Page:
It is essential that payment APIs are secure, reliable, and flexible. Developers should be able to implement them quickly into their company’s existing systems.
Yes, you can integrate payments via API. Integrating payments via API should be a straightforward and quick process, especially as you don’t have to build your own API, saving you time and resources. Payment solutions should have their own APIs readily available and accessible on their documentation portal. For instance, you can check Imburse’s APIs here, which are made available using the open API standard to make for easier adoption by its users.
Building APIs from scratch is complex, time-consuming, and costly. The initial cost to build is only the beginning, as maintenance of an API often requires a dedicated team of engineers who may also be tasked with the release of new versions. These can happen as often as every 2-3 years.
Plus, creating APIs requires a good understanding of the system you are trying to connect to and a deep level of technical expertise. The good news is that you don’t actually need to develop your own payment API. There are already plenty of existing ones out there. You can contact the provider of the service you wish to offer and ask them whether they provide their own API. If they do, you’ll learn more about how to use it by reading their documentation.
Do note that there is not a ‘one-size-fits-all’ provider when it comes to payment API providers such as gateways and PSPs. This is especially in the case of enterprise insurance companies who operate globally and absolutely must cater for the payment preferences of their target audiences. That’s where Imburse comes in, enabling easy access to the entire payments’ ecosystem.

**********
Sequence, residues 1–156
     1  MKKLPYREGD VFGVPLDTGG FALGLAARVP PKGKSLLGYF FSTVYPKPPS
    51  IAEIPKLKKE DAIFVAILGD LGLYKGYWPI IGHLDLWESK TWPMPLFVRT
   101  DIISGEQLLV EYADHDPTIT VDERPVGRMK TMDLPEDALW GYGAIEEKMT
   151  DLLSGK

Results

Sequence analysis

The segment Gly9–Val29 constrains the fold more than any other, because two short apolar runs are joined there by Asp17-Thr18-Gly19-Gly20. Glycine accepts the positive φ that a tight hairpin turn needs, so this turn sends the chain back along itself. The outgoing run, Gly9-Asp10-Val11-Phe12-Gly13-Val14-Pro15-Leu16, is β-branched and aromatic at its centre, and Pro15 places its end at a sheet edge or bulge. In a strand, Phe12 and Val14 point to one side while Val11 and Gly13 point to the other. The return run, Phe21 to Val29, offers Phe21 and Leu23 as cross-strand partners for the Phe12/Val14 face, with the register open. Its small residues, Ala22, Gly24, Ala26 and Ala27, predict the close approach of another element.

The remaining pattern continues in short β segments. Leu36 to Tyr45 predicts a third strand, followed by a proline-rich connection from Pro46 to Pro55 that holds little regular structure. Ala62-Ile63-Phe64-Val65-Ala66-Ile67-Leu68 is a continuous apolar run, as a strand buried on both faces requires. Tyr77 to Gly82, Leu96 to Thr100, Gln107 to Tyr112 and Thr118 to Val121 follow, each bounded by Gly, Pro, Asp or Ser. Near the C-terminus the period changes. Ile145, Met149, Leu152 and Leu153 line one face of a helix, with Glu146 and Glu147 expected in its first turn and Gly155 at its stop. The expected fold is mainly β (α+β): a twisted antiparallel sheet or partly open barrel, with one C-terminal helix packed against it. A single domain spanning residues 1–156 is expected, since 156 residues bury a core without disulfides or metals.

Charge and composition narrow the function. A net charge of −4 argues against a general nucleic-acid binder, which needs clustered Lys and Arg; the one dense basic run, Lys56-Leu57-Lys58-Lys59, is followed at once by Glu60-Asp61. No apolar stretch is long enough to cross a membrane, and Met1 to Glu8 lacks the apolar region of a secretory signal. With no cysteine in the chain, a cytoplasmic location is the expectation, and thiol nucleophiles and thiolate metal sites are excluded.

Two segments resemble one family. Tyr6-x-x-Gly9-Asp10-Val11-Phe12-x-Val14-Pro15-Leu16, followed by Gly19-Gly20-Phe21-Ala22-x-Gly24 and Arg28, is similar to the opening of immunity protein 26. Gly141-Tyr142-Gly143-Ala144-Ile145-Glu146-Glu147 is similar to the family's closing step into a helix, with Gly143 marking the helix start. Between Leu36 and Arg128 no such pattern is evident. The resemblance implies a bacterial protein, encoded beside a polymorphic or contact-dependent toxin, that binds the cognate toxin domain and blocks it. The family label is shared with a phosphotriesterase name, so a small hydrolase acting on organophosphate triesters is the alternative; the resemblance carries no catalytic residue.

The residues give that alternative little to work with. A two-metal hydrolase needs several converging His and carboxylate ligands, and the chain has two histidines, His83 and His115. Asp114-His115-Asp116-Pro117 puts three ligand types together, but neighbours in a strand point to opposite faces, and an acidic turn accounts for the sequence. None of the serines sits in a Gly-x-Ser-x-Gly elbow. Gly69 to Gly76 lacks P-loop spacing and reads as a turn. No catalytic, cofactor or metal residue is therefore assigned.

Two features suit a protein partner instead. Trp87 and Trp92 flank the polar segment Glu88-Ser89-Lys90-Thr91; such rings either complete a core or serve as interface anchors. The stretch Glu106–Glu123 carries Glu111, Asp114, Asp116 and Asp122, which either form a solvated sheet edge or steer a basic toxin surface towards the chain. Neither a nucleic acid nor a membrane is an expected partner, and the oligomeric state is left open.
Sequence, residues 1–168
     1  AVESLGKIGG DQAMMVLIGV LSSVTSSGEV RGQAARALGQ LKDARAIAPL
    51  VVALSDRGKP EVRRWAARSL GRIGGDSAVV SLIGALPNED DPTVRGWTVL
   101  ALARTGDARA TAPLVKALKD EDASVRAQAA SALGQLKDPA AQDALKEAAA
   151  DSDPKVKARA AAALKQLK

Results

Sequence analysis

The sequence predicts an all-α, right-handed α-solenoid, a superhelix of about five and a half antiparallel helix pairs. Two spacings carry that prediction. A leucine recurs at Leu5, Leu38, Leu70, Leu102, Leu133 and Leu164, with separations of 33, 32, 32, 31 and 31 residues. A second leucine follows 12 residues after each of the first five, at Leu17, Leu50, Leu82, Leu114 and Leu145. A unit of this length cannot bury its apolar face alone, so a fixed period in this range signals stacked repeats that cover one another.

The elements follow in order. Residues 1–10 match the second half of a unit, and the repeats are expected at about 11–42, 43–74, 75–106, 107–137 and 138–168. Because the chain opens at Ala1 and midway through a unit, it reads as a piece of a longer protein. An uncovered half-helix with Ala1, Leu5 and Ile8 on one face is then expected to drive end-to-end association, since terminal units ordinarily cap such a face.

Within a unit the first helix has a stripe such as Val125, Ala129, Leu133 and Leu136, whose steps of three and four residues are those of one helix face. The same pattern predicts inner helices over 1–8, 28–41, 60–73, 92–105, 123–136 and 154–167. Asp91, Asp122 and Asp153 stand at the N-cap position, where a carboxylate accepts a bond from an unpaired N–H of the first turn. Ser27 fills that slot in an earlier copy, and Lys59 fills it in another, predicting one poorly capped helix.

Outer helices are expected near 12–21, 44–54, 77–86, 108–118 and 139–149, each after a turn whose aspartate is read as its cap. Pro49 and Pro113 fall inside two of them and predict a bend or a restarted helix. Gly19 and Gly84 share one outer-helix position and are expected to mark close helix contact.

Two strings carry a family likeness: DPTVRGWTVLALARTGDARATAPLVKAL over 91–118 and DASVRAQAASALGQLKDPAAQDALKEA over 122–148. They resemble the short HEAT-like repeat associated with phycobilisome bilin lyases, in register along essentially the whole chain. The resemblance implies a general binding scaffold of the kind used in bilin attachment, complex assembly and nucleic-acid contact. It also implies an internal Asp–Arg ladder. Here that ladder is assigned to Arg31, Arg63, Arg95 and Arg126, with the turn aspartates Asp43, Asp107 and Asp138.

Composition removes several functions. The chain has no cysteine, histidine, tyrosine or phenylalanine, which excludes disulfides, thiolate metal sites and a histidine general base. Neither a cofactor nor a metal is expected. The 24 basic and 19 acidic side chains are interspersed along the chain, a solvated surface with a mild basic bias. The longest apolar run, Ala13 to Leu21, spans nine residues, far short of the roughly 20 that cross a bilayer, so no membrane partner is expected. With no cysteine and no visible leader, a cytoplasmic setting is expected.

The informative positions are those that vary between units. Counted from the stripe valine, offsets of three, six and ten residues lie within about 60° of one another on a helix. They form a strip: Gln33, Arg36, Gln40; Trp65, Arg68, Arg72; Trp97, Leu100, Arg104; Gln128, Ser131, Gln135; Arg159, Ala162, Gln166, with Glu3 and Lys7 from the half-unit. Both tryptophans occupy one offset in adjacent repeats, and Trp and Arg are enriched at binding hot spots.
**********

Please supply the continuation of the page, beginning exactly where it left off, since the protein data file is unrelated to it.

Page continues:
Payment APIs offer a myriad of advantages for companies. We have touched on this in the previous section. Now, let’s look at some of the benefits in more detail:
Payment APIs can be used to fully automate the payments process, and to instruct both one-off or recurring payments and single or bulk file payments. APIs should be flexible enough to integrate with other software tools that enable a more unified experience. This could be, for instance, accounting or reporting software.
APIs enable companies to integrate with other software directly. Should they integrate with this software manually, the operational costs and associated fees would be much higher. In general, the process would be more complex and require an abundance of dedicated resources.
The customer data and payment information is stored by the API host, not the merchant. So, if you integrate with a provider using their API, you can REST assured that this provider complies with all the industry regulations. APIs should be tested frequently to mitigate vulnerabilities and protect against cyberattacks. It is crucial to ensure that your API is secure, whether you own it or are simply using it.
Modern fintech organisations offering payments APIs leverage global scale cloud hosting companies. They utilise data centres with military-grade physical security combined with the highest standards of network resilience and active defensive measures to ensure the best possible security. Moreover, they utilise microservice architectures to enable highly scalable solutions that can respond dynamically to meet the constantly evolving needs of client solutions.
The main benefit of payment APIs is the enablement of payment digitalisation. With APIs, you can more easily integrate with innovative payment solutions available on the market. Most solutions will have their own APIs that you can request access to.